This offseason, the Boston Red Sox lost starting center fielder Jacoby Ellsbury and starting catcher Jarrod Saltalamacchia, and starting shortstop Stephen Drew is somewhere in free-agent limbo. This would be devastating for most teams. For the Red Sox? It’s all part of the plan.
Winning the World Series is wonderful. Probably the best thing you can do as a baseball team. But as the wonder wears off, the focus must be placed on what’s next: a whole new year and the talk of “repeating.”
Google the Red Sox offseason of 2014 and you will be met with headlines asking whether the Red Sox are too patient or if they have done enough to contend in the coming year. And there lies the one miniscule problem with winning the World Series: Every move (or lack thereof) is put on a microscope slide and examined with a NASA grade telescope. You just can’t win.
The Boston Red Sox are where they want to be and should be — waiting. If it weren’t for last year, it was widely understood that 2013 and 2014 would largely be bridge years to simply stay competitive as their prospects matured. A World Series should not eliminate that idea, it should highlight it. So far, it has in a way; hence the headlines.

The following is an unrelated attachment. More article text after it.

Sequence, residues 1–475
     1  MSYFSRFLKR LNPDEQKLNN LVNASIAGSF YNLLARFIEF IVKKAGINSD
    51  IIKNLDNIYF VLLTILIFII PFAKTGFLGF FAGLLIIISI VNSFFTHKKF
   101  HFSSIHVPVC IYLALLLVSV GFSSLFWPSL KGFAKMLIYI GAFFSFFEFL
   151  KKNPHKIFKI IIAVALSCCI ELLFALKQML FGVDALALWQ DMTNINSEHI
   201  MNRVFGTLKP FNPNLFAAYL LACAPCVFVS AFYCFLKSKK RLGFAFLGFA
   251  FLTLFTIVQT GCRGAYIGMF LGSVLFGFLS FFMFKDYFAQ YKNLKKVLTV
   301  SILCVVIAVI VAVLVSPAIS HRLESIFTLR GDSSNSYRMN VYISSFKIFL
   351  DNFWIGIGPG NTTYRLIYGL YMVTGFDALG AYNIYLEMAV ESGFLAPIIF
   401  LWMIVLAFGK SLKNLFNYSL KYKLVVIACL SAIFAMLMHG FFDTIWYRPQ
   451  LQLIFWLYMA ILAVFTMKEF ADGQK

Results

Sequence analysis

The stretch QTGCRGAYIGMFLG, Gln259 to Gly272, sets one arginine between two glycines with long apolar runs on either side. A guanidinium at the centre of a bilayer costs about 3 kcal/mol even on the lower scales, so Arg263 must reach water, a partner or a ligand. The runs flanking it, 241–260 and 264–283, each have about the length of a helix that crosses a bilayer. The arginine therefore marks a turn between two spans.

Everyone in Boston knew Ellsbury would likely be gone. Saltalamacchia was looking for a deal the Red Sox weren’t willing to make. And with a draft pick attached to Stephen Drew, Boston has played Scott Boras like a fiddle. This is what the franchise-altering trade with the Los Angeles Dodgers taught them: be patient.
They have future top-of-the-rotation pitchers in their organization with Henry Owens and Anthony Ranaudo. Talent is scattered across the infield and outfield with Jackie Bradley, Xander Bogaerts and Garin Cecchini. And with Blake Swihart, Christian Vazquez and Dan Butler, they have a stable of catchers. That’s right, a whole stable.
The Red Sox are in a position even they did not anticipate. They and fans are certainly not complaining as the emerging youth brigade has afforded them the luxury of standing pat on a very successful and very entertaining product. Sure they made the occasional signing of bullpen depth in Edward Mujica and catcher in A.J. Pierzynksi to, you know, field a team, but other than that, patience has prevailed.
It’ll largely be the same cast of characters as 2013 with featured players Bogaerts and Bradley slated for starting roles. Drew is still a possibility heading into spring training, and with a pitching surplus and a freshly settled market thanks to Masahiro Tanaka, there is still room for a trade. But if those don’t happen? No problem. They’re right where they want to be.
Like after a substandard 2012, there shouldn’t be much of an emphasis on the success of 2013. It was an unbelievable year, in just about every sense of the word. Headlines should not focus on what they haven’t done this offseason and should focus on what they have, which is following through on their promise of rebuilding the organization from the inside. That’s exactly what they’re doing and, if all goes according to plan, there will be plenty more unbelievable years on the horizon.